The following is abridged from a post that appears on Notes on the Front. See also Nat O'Connor's post here.
Michael Taft: So the 2011 budget is reasonably progressive. Indeed, budgets over the last two years have been reasonably progressive. And to prove all this, the ESRI researchers ran the numbers through their Switch tax/benefit model. It tells some useful things.
But does it tell us how the 2011 budget impacted on people’s living standards? No.
A major omission in the ESRI model is that it assumes disposable income is, by implication, equivalent to ‘living standards’. For instance, they claim that the top quintile experienced a -2.7 percent fall in their disposable income, while the bottom quintile experienced a -2.8 percent. Okay, not progressive; just neutral. But is it?
Out of our disposable incomes we must pay for necessities that we may have little cost-control over. For instance, we need housing, food, electricity, gas, telephone, etc. Therefore, our disposable (after-tax) income can be broken into two elements:
• Non-discretionary disposable income – which is spent on necessities which we have little cost-control over.
• Discretionary disposable income – the amount after both tax and necessities.
The CSO’s Household Budget Survey 2005 puts some numbers on this distinction (the following is indicative - a new Survey will be out soon). And I take only three necessities: housing, food and utilities (fuel, light and fixed-line telephone). We find:
• The bottom quintile spends approximately 58 percent on these necessities (or non-discretionary disposable income).
• The top quintile spends approximately 22.2 percent
So what happens when we apply the ESRI’s fall in disposable incomes to ‘discretionary disposable income’ (that is, after payments for necessities are made)?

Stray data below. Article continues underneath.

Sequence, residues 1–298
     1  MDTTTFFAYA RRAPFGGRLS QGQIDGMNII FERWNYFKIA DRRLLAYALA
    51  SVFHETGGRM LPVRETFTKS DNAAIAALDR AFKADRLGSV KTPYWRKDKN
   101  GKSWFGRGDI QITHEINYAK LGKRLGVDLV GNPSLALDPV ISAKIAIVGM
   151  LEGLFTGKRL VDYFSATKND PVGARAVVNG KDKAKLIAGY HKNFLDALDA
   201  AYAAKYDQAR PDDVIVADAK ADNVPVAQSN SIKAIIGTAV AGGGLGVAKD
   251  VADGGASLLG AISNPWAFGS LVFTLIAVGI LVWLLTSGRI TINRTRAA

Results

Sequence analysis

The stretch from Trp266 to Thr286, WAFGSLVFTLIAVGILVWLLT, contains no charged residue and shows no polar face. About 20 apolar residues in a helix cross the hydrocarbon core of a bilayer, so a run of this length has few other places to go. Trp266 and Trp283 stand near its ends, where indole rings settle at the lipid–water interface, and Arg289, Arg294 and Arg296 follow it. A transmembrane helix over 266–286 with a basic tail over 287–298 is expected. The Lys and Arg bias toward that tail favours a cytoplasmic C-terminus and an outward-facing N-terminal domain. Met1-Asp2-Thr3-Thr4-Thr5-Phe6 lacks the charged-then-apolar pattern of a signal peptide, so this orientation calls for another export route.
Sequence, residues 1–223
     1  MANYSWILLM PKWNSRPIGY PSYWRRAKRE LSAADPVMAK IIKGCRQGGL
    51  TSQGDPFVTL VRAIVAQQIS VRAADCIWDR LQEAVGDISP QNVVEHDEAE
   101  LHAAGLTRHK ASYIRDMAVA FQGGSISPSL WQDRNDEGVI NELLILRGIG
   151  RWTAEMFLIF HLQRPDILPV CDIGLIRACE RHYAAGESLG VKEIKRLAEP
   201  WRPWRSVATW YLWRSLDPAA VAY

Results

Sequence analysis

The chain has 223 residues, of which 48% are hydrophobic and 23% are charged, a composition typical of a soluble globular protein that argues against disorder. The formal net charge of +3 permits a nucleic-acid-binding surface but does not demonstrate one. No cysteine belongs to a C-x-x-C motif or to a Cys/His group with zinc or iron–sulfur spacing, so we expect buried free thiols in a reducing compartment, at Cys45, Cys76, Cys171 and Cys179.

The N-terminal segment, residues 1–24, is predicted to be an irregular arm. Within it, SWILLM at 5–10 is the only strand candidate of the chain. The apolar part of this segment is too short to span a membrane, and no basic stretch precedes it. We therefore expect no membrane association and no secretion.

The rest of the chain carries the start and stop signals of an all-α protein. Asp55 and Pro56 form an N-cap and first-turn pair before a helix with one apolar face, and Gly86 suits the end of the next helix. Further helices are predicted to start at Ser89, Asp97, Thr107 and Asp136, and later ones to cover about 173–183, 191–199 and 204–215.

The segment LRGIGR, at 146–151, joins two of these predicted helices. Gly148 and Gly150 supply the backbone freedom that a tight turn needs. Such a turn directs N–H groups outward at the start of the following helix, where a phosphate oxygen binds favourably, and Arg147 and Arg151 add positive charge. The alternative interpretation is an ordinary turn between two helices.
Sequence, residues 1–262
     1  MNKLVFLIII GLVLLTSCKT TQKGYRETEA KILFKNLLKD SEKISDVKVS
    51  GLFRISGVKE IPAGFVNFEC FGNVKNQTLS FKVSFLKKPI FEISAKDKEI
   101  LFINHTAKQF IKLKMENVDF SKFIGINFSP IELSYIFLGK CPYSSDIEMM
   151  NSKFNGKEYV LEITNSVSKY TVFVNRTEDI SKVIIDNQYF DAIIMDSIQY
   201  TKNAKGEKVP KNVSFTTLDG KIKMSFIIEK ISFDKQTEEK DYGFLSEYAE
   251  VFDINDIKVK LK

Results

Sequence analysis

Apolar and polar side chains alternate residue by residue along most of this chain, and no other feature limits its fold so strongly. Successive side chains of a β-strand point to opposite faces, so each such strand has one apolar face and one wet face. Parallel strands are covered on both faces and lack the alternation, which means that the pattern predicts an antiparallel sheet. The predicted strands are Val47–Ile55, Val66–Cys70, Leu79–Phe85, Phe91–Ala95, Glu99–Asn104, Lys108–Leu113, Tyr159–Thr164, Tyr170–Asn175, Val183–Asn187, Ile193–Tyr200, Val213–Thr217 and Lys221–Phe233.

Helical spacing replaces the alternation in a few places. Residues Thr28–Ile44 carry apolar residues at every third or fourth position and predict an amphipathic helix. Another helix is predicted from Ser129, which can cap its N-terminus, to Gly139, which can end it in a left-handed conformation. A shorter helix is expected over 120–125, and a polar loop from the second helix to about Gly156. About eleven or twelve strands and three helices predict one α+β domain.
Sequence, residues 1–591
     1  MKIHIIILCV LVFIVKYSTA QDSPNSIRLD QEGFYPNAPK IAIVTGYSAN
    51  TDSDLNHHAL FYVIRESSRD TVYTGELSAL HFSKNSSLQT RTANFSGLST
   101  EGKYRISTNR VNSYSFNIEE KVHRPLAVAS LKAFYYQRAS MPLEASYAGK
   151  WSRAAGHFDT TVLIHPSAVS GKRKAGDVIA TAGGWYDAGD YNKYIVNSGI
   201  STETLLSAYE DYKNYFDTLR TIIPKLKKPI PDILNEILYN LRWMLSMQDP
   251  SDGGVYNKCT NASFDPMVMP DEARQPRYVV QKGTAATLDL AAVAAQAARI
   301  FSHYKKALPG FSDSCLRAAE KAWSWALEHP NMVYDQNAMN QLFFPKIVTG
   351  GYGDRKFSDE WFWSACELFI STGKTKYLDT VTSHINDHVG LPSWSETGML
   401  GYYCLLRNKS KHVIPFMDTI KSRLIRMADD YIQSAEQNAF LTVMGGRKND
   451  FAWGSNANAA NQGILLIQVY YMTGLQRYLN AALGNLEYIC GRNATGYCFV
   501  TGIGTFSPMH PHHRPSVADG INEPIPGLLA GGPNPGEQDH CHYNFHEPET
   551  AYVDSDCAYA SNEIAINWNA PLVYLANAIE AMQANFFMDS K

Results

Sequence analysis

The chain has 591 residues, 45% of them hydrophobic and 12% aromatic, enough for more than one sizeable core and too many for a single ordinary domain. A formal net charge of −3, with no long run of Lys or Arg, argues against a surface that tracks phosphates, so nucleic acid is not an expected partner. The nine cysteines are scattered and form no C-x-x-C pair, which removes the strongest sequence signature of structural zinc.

The bottom quintile experiences a fall of approximately -6.5 percent while the top quintile is only hit for -3.5 percent.
Even this doesn’t fully measure living standards. A household with surplus income will more easily absorb a fall in disposable income than those who have a deficit (i.e. spends more than they take in).
Again, the Household Budget Survey shows that the poorest households experience the worst deficit at -37 percent; the highest income households had a surplus of 26 percent. High income households can easily absorb substantially higher falls in disposable income than the rest of the population without denting their life-styles.
These are other data must be integrated into any model if we are to get a more accurate measurement of budgetary impacts on living standards. In addition, we must take care to integrate ‘real-life’ wage and income increases. For instance, the CSO shows the decline in average weekly earnings over the last six quarters, 18 months:
• Management / Professionals: -1.1 percent
• Clerical / Secretarial: -6.2 percent
• Production workers: -6.6 percent
Add in the estimate increase in non-wage income next year (29 percent according to the ESRI) and we can see that those on high incomes have been able to protect their living standards (and in some cases, even enhance them) to a much greater extent than the vast majority of workers.
It is incumbent upon the ESRI to produce its full findings, rather than just a newspaper article. It cannot expect the public to accept its findings on faith. We have learned the harsh truth about models.
We know, for instance, that the Government’s model was flawed – fatally so. We also know the considerable limitations of the ESRI’s Hermes model, upon which researchers were actually suggesting only a few months ago, that the Irish economy could return to near full-employment by 2015. We know these were badly mistaken.
At the end of the day, the ESRI’s Switch model cannot tell us about impacts on living standards for it doesn’t seek to do so. It only gives us model-driven data to contribute one piece of a very large, more complex puzzle.
The ESRI started its article by asking the question: ‘Was Budget 2011 fair?’ After reading the article, we are no wiser.